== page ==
The common musk turtle is a relatively small turtle with an average length of 8 to 14 cm(about 3 to 5 inches). The carapace is brown or black, and has a smooth, oval shape with a high dome. When these turtles are hatchlings, the carapace is usually black and rough. The skin is a dark-olive to black color, and there are two prominent yellow lines that run from the snout to the neck, one on either side of the eye. For both the male and female, there are barbels located on the chin and the underside of their rather long neck. These barbels on the throat are not found in other musk turtles. The male differs from the female in that he has a larger head, a long and stout tail with a spine, and areas of tilted scales on the insides of the rear legs. Males also have broad areas of skin showing between plastral scutes, whereas females have very small areas of skin in these spaces. (Grzimek 1975, Garrett and Barker 1987, Conant and Collins 1998, Bartlett and Bartlett 1999).

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Size

Length: 14 cm

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Type Information

Syntype for Sternotherus odoratus
Catalog Number: USNM 7890
Collection: Smithsonian Institution, National Museum of Natural History, Department of Vertebrate Zoology, Division of Amphibians & Reptiles
Preparation: Ethanol
Locality: Medina River, Medina, Texas, United States, North America
  • Syntype: Agassiz, L. 1857. Contributions to the Natural History of the United States of America, Volume 1, Part 2, North American Testudinata. 1: 425.
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Syntype for Sternotherus odoratus
Catalog Number: USNM 71
Collection: Smithsonian Institution, National Museum of Natural History, Department of Vertebrate Zoology, Division of Amphibians & Reptiles
Preparation: Ethanol
Locality: San Pedro, near San Antonia, Bexar, Texas, United States, North America
  • Syntype: Agassiz, L. 1857. Contributions to the Natural History of the United States of America, Volume 1, Part 2, North American Testudinata. 1: 425.
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Syntype for Sternotherus odoratus
Catalog Number: USNM 69
Collection: Smithsonian Institution, National Museum of Natural History, Department of Vertebrate Zoology, Division of Amphibians & Reptiles
Preparation: Ethanol
Locality: San Pedro, near San Antonia, Bexar, Texas, United States, North America
  • Syntype: Agassiz, L. 1857. Contributions to the Natural History of the United States of America, Volume 1, Part 2, North American Testudinata. 1: 425.
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Syntype for Sternotherus odoratus
Catalog Number: USNM 72
Collection: Smithsonian Institution, National Museum of Natural History, Department of Vertebrate Zoology, Division of Amphibians & Reptiles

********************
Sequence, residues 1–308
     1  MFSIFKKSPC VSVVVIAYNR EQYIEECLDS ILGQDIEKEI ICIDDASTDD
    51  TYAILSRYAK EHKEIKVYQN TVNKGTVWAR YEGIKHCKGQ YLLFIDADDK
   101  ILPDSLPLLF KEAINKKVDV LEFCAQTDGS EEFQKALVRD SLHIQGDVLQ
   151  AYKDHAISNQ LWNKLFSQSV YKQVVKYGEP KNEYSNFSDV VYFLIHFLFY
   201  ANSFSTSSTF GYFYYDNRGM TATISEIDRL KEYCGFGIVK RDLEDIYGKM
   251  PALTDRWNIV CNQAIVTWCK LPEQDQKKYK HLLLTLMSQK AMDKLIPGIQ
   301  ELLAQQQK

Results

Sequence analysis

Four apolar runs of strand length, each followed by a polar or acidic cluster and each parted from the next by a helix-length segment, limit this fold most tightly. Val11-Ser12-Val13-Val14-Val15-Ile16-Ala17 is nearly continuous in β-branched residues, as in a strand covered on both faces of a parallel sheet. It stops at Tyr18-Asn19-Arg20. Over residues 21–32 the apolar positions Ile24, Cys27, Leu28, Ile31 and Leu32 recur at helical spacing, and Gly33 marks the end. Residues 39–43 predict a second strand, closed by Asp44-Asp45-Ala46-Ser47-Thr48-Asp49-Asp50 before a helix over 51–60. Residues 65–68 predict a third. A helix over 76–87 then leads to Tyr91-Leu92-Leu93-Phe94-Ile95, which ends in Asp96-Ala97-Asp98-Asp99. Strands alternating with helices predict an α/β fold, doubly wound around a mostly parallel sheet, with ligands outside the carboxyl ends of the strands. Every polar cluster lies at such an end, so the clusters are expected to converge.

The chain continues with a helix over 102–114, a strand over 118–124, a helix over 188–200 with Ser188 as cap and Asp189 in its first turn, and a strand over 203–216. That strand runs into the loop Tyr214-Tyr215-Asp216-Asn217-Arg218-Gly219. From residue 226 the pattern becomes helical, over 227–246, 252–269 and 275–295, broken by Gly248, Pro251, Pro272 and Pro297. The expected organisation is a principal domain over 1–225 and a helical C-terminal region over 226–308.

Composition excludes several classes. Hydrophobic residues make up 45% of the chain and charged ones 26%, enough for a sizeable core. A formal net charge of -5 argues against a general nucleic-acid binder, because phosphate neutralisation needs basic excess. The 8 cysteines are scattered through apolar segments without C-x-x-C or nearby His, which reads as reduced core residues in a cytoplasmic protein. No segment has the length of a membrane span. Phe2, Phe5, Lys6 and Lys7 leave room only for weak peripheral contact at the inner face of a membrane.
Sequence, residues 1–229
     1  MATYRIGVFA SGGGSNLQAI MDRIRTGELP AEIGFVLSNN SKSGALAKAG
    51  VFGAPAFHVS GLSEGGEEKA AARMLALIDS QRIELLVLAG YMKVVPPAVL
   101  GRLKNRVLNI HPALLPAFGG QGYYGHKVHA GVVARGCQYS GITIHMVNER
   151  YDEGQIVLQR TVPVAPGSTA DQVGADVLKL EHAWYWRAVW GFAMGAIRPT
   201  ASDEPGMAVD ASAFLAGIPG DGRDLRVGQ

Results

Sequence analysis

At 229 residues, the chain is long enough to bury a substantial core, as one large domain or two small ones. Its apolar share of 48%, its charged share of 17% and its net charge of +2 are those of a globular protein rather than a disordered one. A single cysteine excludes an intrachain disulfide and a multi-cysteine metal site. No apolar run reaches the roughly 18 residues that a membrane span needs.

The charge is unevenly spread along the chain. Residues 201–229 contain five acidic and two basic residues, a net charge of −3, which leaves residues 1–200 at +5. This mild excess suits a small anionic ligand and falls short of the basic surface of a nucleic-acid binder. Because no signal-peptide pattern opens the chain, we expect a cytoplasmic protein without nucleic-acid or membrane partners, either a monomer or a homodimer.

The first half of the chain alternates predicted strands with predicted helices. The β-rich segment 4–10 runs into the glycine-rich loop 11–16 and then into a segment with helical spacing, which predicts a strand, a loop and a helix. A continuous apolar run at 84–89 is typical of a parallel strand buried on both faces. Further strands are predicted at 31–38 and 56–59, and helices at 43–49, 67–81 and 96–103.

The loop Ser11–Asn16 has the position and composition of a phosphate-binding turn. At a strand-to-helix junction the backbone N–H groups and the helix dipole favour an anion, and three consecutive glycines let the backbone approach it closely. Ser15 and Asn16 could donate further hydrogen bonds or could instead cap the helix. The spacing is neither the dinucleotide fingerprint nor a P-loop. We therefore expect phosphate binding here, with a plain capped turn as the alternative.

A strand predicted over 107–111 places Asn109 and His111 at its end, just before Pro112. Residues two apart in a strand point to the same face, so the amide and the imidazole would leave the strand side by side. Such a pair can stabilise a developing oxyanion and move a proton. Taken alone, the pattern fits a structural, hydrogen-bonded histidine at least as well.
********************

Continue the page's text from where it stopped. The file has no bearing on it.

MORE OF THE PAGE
Preparation: Ethanol
Locality: San Pedro, near San Antonia, Bexar, Texas, United States, North America
  • Syntype: Agassiz, L. 1857. Contributions to the Natural History of the United States of America, Volume 1, Part 2, North American Testudinata. 1: 425.
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Ecology

Habitat

The habitat of the common musk turtle includes any kind of permanent body of water, like shallow streams, ponds, rivers, or clear water lakes, and it is rare to find the turtle elsewhere. While in the water, this musk turtle stays mainly in shallow areas. Sometimes it can be found basking on nearby fallen tree trunks or in the branches of trees overhanging the water (Garrett 1987, Conant and Collins 1998, Bartlett and Bartlett 1999).

Aquatic Biomes: lakes and ponds; rivers and streams

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Habitat and Ecology

Habitat and Ecology
Sternotherus odoratus inhabit a wide variety of flowing and standing waterbodies, including deep water (up to 9 m), but does not tolerate saline water. Sternotherus odoratus are preferentially carnivorous omnivores, with a preference for feeding on molluscs.

Males and females reach up to 14 cm carapace length (CL), though averaging 7-10 cm; maximum size and sexual dimorphism show geographic trends. Maturity is reached in 2-7 years / 50-65 mm CL (males) and 3-11 years / 62-85 mm in females, depending on location. Longevity of over 54 years has been demonstrated in captivity, while longevity in the wild has been estimated at 20-30 years. Generation time has not been calculated.

Females produce one to six clutches of about two to four (range one to nine) eggs, depending on location. Incubation usually takes 60-107 days (range 56-132), depending on location. Hatchlings measure 17-26 mm (reviews in Iverson and Meshaka 2006, Ernst and Lovich 2009).

Systems
  • Terrestrial
  • Freshwater